A significant and ambitious part of understanding the site and context of a design intervention is the mapping of one’s emotional association with various parts of the site. To carry out such a mapping we need to look beyond the transactional aspects of the site and design such as entrance, toilets, offices, cafe and so on. Ascribing only functions to the various areas and locations disregards the human dimension of inhabitation. I categorise inhabitation into the following kinds, which perhaps encompass all states of our being in a space:
- Solitude: being alone (not necessarily lonely)
- Intimacy: being with another or in a small group
- Congregation: being in a large group
The fourth state of being, of course, is transaction – our activities and engagements – which is what normally gets paid attention to. These categories, however, are not watertight compartments – there is the intimacy of self-care in solitude, while one can remain solitary even in a congregation. Nevertheless, this filter of the states of inhabitation, I believe, brings the inhabitant – the person – into focus, rather than their profession or role as in the case of ascribing functions.
The participants were asked to first identify spaces within the site which are conducive to solitary inhabitation. What emerged as the essential condition for inhabiting a space in solitude is that one needs to occupy the edge – away from others’ line of sight – and not the centre. Moreover, a wall or a hedge or a tree as a protective element covering the back further helps in demarcating the seclusion.
The next state of inhabitation that the participants were asked to mark within the site was congregation. Again, what emerges is that, as a counterpoint to solitude, congregation happens in the centre – amidst the lines of sight. The only element essential is the ground, which should not be disturbed with undulation. Roof could help but is not necessary, provided that the weather is conducive. People’s bodies within the congregation seem to collectively create the vertical markers necessary for space-making.
A very interesting discussion ensued from Mugdha’s question, “Can a group be vulnerable?” I responded with the example of various communities’ rituals of mourning death. That we socially mark someone’s passing away with a congregation demonstrates our ability and practice of vulnerability even in a large group. Mugdha herself followed this with a recollection of an incident during her college when she and her batchmates tried to reconcile with an overwhelming sense of loss on a majority of them being failed by their faculty.
The final mapping was of spaces for intimacy, which revealed, contrary to presumptions, that it is different from the spaces of solitude. In Prachi’s mapping, spaces of intimacy were more adventurous and occupied almost all the edges of her park, including the spaces of solitude. In fact, she made a wonderful observation that people could share intimacy over fences and boundary walls and communicate across streets and alleys. Mugdha’s mapping of intimate spaces was also very generous. However, she distinguished that not all spaces of solitude are conducive for inhabitation in intimacy. Mugdha sought greater seclusion for spaces of intimacy compared to solitude. Ketki too was convinced of this and insisted that the least one required in order to create the opportunity of intimate sharing is a hedge or a wall protecting the back to keep someone from peering over the shoulders. Charvi presented a resolution to what appeared as a deadlock between the opposing perspectives on the degrees of seclusion demanded by spaces of intimacy and solitude. She mapped intimacy in both secluded spaces where the back could be covered, as well as on plinths that can allow people to be in close proximity regardless of whether they were secluded. Charvi’s mapping offers a more open interpretation of intimacy which accommodates both seclusion as well as a carefree attitude. Personally, I feel that to express my desire to be in solitude would require a great deal of effort and I’d rather find a secluded space to be in. On the other hand, the engrossed body language of those engaged intimately makes it easily evident to others of the private moment.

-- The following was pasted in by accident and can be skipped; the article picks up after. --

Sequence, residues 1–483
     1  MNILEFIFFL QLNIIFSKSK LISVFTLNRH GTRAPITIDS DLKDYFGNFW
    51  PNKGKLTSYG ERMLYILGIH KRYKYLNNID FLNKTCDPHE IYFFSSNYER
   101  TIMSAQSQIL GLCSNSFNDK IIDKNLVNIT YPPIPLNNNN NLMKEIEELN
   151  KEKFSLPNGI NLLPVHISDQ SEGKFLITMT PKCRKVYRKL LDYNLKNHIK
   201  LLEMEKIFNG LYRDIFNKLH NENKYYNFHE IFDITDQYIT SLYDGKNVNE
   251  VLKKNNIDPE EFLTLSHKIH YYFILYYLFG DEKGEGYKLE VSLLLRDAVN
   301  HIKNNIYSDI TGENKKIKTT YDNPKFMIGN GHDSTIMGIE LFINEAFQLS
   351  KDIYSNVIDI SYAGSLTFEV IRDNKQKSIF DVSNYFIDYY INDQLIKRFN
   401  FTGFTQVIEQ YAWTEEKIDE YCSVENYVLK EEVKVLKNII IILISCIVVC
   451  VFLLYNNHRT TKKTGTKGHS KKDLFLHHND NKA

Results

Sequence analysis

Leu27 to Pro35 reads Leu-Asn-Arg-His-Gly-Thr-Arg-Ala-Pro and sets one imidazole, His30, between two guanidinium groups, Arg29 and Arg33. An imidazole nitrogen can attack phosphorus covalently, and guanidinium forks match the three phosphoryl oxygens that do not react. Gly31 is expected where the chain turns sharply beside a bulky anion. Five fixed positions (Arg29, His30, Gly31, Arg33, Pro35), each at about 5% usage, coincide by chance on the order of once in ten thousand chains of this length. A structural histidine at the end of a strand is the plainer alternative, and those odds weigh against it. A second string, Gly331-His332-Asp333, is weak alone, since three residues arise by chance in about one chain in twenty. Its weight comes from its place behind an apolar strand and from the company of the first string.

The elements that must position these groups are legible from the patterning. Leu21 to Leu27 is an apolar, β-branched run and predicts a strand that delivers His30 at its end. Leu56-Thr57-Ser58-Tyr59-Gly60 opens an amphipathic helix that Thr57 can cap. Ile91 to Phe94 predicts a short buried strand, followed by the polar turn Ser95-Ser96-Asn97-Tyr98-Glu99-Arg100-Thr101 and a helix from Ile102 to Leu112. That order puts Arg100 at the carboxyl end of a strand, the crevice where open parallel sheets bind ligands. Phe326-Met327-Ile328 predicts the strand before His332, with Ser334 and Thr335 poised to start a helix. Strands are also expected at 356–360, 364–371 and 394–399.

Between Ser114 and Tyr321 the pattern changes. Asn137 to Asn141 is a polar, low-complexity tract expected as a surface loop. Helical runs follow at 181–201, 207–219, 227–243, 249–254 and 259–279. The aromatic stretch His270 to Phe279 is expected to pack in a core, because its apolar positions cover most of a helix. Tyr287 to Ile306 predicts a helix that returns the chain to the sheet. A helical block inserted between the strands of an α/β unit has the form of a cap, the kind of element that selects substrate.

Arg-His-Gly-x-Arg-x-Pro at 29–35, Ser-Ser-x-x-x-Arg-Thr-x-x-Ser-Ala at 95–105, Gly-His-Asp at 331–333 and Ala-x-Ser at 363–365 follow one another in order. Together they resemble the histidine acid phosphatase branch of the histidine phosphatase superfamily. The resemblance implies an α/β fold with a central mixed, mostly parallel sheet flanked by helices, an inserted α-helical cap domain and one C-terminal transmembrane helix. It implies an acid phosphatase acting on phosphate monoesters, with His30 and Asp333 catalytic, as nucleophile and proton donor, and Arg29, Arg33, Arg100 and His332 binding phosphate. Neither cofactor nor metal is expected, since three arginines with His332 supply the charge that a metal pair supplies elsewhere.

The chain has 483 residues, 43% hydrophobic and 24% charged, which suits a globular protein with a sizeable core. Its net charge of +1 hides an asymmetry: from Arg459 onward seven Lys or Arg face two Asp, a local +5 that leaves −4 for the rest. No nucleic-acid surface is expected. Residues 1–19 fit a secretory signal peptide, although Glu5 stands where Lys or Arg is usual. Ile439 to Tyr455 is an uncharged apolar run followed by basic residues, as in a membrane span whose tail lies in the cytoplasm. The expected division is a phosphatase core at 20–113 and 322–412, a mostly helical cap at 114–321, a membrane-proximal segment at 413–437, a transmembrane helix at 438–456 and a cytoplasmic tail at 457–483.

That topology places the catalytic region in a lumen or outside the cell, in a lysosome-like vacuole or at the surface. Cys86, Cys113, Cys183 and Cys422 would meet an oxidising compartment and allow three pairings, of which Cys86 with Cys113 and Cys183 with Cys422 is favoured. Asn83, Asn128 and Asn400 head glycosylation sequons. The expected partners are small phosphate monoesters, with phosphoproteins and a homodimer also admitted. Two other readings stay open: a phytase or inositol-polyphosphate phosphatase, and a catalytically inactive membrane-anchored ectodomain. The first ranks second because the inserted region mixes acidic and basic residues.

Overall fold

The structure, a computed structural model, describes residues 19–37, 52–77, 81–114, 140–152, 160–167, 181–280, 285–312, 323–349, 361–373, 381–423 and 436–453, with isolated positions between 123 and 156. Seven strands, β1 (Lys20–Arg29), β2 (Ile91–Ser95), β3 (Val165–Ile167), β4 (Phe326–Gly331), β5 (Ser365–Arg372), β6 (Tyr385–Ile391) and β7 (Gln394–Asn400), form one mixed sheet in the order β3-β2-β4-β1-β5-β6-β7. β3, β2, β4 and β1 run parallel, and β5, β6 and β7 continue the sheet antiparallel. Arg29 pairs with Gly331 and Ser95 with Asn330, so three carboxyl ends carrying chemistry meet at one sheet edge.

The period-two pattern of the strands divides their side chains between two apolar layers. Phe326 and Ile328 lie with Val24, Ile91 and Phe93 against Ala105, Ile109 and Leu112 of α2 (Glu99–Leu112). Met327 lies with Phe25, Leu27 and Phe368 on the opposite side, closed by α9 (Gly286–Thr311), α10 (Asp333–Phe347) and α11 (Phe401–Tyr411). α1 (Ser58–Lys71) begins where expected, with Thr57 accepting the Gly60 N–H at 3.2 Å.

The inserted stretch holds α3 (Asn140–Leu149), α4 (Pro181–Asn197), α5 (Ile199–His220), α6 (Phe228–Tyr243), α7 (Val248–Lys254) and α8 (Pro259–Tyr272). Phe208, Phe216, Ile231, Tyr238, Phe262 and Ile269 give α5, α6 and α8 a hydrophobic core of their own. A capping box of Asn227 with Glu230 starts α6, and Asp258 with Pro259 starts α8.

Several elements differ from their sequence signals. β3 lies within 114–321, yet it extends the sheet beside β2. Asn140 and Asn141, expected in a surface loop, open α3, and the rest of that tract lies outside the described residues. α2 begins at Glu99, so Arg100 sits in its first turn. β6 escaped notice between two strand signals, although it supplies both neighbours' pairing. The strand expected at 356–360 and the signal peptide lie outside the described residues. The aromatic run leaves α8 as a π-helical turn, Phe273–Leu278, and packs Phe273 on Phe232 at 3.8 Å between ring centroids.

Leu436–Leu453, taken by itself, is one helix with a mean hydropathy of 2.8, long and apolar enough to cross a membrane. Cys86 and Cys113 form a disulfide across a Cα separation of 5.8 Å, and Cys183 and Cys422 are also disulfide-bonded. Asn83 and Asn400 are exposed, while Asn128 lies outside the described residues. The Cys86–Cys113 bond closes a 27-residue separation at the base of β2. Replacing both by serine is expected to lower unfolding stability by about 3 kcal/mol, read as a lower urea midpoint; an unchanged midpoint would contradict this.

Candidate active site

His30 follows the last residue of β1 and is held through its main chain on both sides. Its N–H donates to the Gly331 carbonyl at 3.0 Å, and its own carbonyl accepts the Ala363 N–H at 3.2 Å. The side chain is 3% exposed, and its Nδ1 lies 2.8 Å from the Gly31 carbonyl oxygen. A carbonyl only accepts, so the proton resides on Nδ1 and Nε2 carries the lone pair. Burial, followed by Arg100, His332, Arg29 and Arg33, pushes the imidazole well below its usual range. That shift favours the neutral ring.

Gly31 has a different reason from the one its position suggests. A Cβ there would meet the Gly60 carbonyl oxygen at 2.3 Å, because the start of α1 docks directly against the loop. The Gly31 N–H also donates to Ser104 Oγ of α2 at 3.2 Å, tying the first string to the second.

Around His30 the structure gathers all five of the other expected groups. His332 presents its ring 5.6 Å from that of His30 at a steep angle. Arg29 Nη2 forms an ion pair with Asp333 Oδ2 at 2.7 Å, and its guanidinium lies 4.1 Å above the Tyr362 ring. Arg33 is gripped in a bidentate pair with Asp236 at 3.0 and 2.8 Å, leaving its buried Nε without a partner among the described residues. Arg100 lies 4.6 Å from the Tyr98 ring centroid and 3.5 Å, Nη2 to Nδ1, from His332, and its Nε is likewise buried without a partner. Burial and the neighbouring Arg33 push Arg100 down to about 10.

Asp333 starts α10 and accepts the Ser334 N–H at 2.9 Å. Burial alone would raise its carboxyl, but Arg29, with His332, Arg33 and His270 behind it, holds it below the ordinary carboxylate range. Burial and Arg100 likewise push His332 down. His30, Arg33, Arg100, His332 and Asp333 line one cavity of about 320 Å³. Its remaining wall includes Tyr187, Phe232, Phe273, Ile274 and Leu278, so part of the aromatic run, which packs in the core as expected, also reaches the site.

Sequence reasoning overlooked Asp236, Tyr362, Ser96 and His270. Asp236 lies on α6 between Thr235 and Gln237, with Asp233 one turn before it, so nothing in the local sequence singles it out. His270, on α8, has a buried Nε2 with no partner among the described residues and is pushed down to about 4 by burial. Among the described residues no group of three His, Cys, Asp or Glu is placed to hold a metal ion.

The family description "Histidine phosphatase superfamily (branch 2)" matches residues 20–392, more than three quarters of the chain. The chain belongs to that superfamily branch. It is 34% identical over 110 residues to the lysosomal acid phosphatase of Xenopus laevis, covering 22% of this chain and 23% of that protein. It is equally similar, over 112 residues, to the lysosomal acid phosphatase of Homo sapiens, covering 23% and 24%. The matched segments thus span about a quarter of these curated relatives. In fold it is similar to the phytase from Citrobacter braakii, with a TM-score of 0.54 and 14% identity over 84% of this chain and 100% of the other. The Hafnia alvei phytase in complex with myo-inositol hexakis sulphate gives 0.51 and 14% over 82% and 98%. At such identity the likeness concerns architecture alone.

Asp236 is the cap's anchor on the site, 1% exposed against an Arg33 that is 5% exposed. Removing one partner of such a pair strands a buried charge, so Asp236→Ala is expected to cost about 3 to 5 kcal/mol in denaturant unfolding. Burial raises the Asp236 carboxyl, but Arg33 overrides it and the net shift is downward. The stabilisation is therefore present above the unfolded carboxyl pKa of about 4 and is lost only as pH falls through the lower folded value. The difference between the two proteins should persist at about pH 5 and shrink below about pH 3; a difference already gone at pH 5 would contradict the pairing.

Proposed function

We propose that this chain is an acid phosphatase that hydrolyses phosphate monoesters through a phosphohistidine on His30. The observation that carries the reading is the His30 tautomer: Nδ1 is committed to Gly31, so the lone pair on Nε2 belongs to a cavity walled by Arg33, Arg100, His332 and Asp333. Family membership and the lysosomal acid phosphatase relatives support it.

While we were discussing the need to seek spaces conducive to how we’re feeling, for instance dark and secluded spaces when feeling gloomy, Charvi presented another counterpoint that, “when I’m feeling sad I want to go to a brighter and more open space to make myself feel better.” This came as a welcome affirmation of space impacting a beneficial change in how an inhabitant feels. Of course, the converse is also true that indifferent or bad spaces can make us feel sick, quite literally.
Mugdha’s three independent analyses (top) & Prachi’s combined analyses of spaces for solitude, intimacy & congregation
While Prachi mapped all three states of inhabitation within a single drawing, Ketki used three drawings to present the three states. Within each mapping, however, she employed a binary categorisation of intellectual and emotional engagement, which is representative of her struggle with the emotional content of this mapping. Mugdha’s mapping is very nuanced in both its graphic quality as well as content. Within each state of being she has identified varying degrees of openness of engagement with the surroundings (including people).
One of the most important realisations following such a mapping of inhabitation is that not only do we acknowledge all that already exists on the site, but it also creates the opportunity of appreciating the existing elements and conditions and accommodating them within the design. Such accommodation is essential to an ecological architecture.